Sicilian Street Food: Arancini di Ragu

Ten years ago exactly we celebrated our 10 year high school reunion in Taormina, Sicily.  I fell so in love with the island; the smells of flowers and ocean air.  Its rocky cliffs dipping vertically into the clear, azure Ionic Sea.  The cobblestone streets with the outdoor cafes, bustling with ultra-cool Sicilians having Gelato con la Brioche, (incredible ice cream sandwiches) and Granita con la Panna, (italian ice with whipped cream).  The weather was perfect, mildly warm during the day, and cool and breezy at night.  I didn’t want to leave.

After this vacation, I moved to Barcelona.  And I decided that I wanted to bring back all of those glorious things I tasted on my trip.  So, I started traveling extensively throughout Sicily, took many cooking lessons, visited wineries, cheese producers, cured meat purveyors, all in hopes of soaking up what they do best in Sicily, cook and eat.

One of my favorite things I discovered, besides the gelato con la brioche, was Arancini.  The name means “small oranges”, obviously because of their color and shape.  But inside….it was a surprise that I was quite happy to discover.  Arancini are stuffed rice croquettes.  The ones that I like the best contain a ragu, or meat sauce, in the center.  But they can be as simple as plain mozzarella, or with spinach and cheese, or just vegetables.  The time I spent there, I met many Mamma’s, Nonna’s and chefs.  And each one of them imparted their unique technique’s from all over the island.  Here is my recipe for Arancini, mind you, it takes a bit of practice, and it definitely requires some patience since the process has quite a few steps.  But I wouldn’t hesitate to make them.  They are beyond delicious, and you will be very happy when your guests or family gobbles them up with huge smiles.

So here’s what you’re going to need:

Makes about 8 arancini

For the rice:

3 cups water

1.5 cups arborio rice

2 tsp of salt

1 egg, beaten

1/4 cup grated parmesan cheese

For the ragu:

2 tbsp olive oil

1/2 large onion, finely minced

1 garlic clove, minced

2 tbsp tomato paste

125g ground beef and pork

1/2 cup white wine

1 can of pureed tomatoes, 400g

1 cup beef stock

1/2 cup peas

Salt and Pepper to taste

Grated Nutmeg

1/4 cup mozzarella, diced

2 eggs, beaten

Lots of bread crumbs

Vegetable oil, for frying

In a saucepan, add the water, salt and bring to a boil.  When it is boiling, add the rice and turn the heat to low, cover and let simmer for about 15-20 minutes until it evaporates.

Let it cool a bit, and add your egg and parmesan cheese and mix well.  Spread out on a baking sheet and let cool in the fridge.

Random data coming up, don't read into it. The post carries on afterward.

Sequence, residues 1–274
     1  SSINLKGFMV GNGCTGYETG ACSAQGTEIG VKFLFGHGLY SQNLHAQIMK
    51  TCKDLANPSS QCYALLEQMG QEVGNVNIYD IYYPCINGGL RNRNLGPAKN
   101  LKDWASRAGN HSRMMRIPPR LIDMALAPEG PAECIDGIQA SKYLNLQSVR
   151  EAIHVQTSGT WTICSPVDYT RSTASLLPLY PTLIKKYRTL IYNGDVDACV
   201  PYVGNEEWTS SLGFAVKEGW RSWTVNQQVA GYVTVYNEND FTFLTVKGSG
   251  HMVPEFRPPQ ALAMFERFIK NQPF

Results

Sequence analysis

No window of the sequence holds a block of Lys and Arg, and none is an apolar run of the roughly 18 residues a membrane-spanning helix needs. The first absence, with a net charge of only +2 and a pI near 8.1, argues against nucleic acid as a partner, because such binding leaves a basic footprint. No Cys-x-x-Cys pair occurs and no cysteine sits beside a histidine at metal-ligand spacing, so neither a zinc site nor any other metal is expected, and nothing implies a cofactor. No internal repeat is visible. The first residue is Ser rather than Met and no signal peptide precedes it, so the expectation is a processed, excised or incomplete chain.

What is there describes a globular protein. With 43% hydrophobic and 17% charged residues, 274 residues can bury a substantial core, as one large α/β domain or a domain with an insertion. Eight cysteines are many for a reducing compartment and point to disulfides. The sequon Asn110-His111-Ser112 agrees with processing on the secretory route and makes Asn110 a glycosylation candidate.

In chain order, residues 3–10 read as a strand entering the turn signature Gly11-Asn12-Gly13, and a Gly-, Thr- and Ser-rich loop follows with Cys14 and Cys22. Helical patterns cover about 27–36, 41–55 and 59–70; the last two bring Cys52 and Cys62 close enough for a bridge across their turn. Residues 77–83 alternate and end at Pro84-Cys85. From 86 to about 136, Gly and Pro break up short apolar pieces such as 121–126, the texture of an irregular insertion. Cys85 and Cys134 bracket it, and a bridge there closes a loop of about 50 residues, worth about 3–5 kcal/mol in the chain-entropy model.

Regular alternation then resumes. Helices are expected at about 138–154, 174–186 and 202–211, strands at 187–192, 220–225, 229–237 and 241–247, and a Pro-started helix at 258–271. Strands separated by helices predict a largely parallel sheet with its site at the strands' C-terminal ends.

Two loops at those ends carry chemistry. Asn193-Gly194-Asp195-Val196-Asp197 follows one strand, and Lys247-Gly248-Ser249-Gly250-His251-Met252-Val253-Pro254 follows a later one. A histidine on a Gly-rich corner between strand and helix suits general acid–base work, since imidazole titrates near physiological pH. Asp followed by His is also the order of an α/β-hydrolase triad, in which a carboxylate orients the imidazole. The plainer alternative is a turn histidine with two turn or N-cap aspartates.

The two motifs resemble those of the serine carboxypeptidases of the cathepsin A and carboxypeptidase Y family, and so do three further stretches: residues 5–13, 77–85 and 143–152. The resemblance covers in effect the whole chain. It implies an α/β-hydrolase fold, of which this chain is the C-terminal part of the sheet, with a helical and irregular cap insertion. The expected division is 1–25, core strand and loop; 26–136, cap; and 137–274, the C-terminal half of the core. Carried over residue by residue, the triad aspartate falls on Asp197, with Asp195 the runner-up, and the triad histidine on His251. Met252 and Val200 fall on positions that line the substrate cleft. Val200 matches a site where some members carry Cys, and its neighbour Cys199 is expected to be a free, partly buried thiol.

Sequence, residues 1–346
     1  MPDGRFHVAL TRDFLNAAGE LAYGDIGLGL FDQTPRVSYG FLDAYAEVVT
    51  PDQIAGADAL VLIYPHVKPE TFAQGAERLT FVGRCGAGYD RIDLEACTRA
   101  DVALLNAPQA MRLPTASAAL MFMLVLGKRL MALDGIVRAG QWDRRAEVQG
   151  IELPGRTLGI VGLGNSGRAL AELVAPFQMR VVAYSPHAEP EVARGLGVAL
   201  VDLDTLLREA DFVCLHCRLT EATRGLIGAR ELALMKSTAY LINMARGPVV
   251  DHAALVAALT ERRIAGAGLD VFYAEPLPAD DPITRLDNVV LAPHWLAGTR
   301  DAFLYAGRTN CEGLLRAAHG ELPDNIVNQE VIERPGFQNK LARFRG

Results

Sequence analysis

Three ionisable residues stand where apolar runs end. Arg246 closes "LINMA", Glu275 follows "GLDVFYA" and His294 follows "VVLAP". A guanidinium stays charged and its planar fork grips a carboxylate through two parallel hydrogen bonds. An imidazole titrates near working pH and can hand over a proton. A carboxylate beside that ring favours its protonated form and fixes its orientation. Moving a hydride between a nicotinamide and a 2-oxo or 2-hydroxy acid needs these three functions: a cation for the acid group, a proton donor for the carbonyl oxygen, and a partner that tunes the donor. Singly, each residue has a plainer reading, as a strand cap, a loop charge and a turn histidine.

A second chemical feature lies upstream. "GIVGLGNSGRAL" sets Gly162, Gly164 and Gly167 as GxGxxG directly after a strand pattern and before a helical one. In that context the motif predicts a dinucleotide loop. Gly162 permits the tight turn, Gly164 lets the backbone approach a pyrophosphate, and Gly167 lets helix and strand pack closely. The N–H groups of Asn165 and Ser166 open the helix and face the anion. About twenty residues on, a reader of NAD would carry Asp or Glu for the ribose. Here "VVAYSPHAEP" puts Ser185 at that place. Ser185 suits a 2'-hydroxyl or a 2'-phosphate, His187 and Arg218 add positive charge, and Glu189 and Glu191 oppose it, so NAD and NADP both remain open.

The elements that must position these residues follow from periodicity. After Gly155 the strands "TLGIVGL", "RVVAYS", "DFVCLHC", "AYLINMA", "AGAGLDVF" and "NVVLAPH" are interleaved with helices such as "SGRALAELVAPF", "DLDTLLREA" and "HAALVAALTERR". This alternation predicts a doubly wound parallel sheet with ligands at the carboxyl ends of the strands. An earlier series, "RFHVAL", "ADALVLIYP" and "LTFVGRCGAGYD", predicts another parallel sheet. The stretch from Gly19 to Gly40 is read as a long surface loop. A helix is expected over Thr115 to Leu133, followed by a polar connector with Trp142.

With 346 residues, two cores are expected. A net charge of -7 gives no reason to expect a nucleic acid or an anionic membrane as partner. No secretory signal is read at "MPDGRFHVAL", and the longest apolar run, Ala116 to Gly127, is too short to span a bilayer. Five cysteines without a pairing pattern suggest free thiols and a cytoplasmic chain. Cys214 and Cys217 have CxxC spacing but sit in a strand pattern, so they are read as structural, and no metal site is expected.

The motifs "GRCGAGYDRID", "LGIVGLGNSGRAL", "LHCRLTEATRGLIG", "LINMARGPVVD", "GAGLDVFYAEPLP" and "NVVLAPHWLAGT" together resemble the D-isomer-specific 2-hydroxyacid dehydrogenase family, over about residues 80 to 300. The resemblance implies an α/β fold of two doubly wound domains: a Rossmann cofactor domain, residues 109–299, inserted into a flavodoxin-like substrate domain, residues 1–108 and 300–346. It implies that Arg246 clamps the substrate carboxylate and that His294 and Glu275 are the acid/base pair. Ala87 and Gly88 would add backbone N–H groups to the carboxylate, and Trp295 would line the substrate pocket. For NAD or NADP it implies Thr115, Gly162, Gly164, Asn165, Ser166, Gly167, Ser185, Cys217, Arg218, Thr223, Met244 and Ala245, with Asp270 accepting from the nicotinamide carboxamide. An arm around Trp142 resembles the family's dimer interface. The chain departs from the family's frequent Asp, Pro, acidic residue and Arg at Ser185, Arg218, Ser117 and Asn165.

In the meantime, make the sauce.  In a large sauté pan over low heat, add the onion and garlic,cook for about 10 minutes.  Add the tomato paste, and raise the heat to high, cook for about 2 minutes, stirring continuously so your onions and garlic won’t burn.  Add the beef/pork mixture, and sauté until cooked through, stirring the whole time.  When it is completely cooked, add the white wine and let it evaporate completely.

Add the tomato purée, and the vegetable stock.  Bring to a boil, and lower the heat to medium low.  Add the peas and let simmer for about 20 minutes, just enough so that you have more meat to sauce, but it is still quite moist.

When done, add the salt, pepper, nutmeg and mozzarella.  Mix well.  Let cool.

Now here comes the tricky part.  It is useful to have everything ready on your countertop before you begin to make the arancini.  In a deep, non stick frying pan, fill half full with the vegetable oil.  Place it over high heat.

Crack your eggs into a shallow bowl, and put the bread crumbs in another shallow bowl.  Place them side by side, and have your rice and ragu in a row so you can work easily.  It also helps to have a large bowl of water to rinse your hands with in between making the arancini, because it becomes a sticky mess, and of course, a kitchen towel over your shoulder to dry your hands with!

Now grab a bit of your rice, and place it in your other hand, and cup your hand.  Start molding the rice to your hand, creating a sort of pocket, like this:

Then place a generous tsp full of your sauce into the pocket.

Now, start closing your hand around the sauce, using your free hand to help you close up the hole.  Grab a little bit more rice and place it on top, pressing the rice to create a nice tight seam.  It takes a bit of artistry, but by the second or third one, you will get the hang of it.  Once the sauce is completely covered with the rice, mold into a ball shape.

Now roll in the beaten eggs, and then in the breadcrumbs, making sure that it is completely covered.  Then with a slotted spoon, place in the hot oil, and fry until the bottom half is golden brown, then flip it over and fry on the other side.  You can do a few at a time, just remember the order you put them in.

Strain on paper towels to take off the excess oil, and serve immediately.  You can also make them ahead, and before frying refrigerate for a few days.  Just bring them to room temperature before frying.

From my kitchen to yours,

Carla

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3 comments on “Sicilian Street Food: Arancini di Ragu

  1. Wow Carla, your arancini look do beautiful and very moreish. I actually live in a really great Italian area with many foods, deli’s & patisserie near by, even the local supermarket sell these to take home! If I ever need a recipe though to make my own, I’m glad you’ve shared yours :)

  2. [...] up on the friend band wagon, is the Arancini.  I love arancini, and have featured them before on my blog.  But I have always eaten the Sicilian variety.  Never had I tried the Neapolitan [...]

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